*Sold a few items from one of sheds that we were no longer using. A little cash and more space in the shed are good things.
    *My youngest son and husband repaired a swing he made for the boys when they were very small. They still use it and we love that they still love it as much as we do.
    *My reading this week has been primarily focused on the learning I described above but I am also reading “Fish in a Tree” by Lynda Mullaly Hunt. It has been recommended many times in some dyslexia forums I take part in and is giving me another perspective in understanding my boys challenges. Very encouraging read.
    *I hope everyone is feeling a degree of satisfaction in a job well done preparing for Winter and the potentially challenging times ahead. As I have watched the squirrels scampering about storing away the acorns and other nuts for Winter, I am inspired by their constant activity but apparent lack of worry. I don’t know, maybe squirrels do worry but they don’t appear to. 🙂 They just get busy doing what they need to do. I think this group is well-versed in that and I hope everyone can spare a moment to be pleased with their efforts and move confidently into this season ahead. 🙂

    1. I love the Mother Nature costume and the thought about squirrels doing what they need to.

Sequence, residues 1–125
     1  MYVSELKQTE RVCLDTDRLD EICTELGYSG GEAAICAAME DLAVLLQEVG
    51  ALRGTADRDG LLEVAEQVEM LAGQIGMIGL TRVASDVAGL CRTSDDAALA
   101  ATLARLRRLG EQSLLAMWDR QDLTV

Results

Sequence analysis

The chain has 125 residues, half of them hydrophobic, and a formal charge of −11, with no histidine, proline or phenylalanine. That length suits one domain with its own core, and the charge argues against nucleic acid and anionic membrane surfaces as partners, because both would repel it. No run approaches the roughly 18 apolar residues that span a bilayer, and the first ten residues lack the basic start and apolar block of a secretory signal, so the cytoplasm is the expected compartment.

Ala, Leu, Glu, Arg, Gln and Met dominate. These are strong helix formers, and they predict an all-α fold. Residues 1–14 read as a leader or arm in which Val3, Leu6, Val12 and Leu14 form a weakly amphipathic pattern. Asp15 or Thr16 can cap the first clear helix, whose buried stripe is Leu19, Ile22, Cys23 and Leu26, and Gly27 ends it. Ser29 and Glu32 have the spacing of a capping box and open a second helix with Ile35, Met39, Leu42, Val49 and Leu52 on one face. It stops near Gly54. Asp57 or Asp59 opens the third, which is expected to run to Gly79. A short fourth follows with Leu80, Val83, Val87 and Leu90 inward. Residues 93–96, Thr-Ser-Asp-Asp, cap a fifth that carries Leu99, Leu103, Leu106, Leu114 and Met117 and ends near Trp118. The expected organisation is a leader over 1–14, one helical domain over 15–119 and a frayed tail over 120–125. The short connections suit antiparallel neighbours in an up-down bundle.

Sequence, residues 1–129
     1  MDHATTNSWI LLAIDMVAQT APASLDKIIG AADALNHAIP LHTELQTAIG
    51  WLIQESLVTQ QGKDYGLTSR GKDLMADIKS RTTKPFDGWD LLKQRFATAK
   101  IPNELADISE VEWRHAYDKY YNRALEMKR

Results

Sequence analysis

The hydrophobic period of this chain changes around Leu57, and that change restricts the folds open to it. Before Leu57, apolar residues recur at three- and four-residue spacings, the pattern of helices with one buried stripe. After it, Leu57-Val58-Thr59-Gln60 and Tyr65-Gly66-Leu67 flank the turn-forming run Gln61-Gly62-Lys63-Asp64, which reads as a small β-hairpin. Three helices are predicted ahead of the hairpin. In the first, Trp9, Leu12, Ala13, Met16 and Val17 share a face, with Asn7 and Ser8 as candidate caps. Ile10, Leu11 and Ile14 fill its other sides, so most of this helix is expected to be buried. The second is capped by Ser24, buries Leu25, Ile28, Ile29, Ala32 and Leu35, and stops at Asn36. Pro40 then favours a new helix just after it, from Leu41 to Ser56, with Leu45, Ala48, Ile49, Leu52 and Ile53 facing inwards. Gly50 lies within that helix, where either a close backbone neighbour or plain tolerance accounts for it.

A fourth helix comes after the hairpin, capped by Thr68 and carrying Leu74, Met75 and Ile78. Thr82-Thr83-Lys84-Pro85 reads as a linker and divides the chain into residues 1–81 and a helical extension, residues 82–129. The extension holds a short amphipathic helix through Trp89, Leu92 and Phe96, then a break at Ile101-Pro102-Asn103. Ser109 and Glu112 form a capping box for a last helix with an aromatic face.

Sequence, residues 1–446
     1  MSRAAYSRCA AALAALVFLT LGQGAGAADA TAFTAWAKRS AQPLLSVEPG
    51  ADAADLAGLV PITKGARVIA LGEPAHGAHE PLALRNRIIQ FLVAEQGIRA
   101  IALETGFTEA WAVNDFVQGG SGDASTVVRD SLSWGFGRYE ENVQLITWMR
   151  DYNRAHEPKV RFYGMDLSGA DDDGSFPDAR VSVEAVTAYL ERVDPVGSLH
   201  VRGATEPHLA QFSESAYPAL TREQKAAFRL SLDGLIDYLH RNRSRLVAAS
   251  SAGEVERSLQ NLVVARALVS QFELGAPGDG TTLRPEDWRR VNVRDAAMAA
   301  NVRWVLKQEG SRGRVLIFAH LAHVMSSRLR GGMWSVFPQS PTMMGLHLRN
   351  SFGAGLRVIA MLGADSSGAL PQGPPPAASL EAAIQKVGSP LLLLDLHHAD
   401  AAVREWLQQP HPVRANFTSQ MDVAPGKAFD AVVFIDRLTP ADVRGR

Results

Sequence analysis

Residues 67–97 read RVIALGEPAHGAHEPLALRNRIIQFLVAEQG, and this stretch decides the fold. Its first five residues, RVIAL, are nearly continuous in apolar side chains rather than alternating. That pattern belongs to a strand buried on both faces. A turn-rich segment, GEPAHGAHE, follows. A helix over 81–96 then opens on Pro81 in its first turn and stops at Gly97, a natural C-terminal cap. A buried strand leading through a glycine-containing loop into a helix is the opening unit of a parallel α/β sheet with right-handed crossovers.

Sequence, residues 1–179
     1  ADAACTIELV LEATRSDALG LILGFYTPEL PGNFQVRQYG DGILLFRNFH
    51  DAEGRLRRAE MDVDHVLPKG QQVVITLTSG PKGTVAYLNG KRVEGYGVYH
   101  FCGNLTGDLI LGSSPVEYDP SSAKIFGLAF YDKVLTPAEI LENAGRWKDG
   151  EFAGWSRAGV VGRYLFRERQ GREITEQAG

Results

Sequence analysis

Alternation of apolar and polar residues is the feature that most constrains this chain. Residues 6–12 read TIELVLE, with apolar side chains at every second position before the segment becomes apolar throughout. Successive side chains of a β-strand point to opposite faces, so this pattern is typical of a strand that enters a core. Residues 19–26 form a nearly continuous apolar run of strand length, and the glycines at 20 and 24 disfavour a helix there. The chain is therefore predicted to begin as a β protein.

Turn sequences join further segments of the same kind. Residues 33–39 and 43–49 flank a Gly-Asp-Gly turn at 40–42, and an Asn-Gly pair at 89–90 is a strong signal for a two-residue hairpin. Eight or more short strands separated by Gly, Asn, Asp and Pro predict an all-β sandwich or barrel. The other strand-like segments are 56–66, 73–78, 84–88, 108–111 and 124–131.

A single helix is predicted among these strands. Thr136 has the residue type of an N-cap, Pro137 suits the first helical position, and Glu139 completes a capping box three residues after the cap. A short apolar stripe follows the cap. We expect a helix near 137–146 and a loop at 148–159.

2. Mountain Mama Dawn,
      Our youngest daughter was dyslexic and we used The Barton Reading and Spelling program. Teaching dyslexic children to read is a long-term process and she was tutored for years by a local teacher using the Barton system. She was also in the gifted program. As you already know, dyslexia has nothing to do with intelligence. She is now a registered nurse who will always be a lousy speller, but that’s something spell-check can handle!

      1. Thank you for your comment, Dawn in the Deep South. Of course, I think my children are brilliant and they are in their own ways like all of us. The fact that so much of our world relies on text can make it tough but, despite my Luddite leanings, I am so grateful for technology and other means of learning that exist today and the recognition of different kinds of intelligence and talent. We decided we would be a home educating family before our children were born but I never knew how much of a gift that would be. Not only do they get 1:1 attention and individualized lessons and can bypass all that artificial idea of being “behind”, I have learned SO much. It is the single best decision we have ever made for our family, hands down. Your daughter’s successes are a testament to her perseverance and grit. I admire those traits very much.

    3. Mountain Mama Dawn – I wanted to say my Dad was severely dyslexic. Born in 1920, no one knew why he couldn’t learn in a regular classroom. My grandparents were his biggest advocates. He wasn’t diagnosed until his mid20s. But I wanted to encourage you with his story. In spite of the early challenges in school, he was able to go to and graduate from a 4 year college and had a great career selling real estate.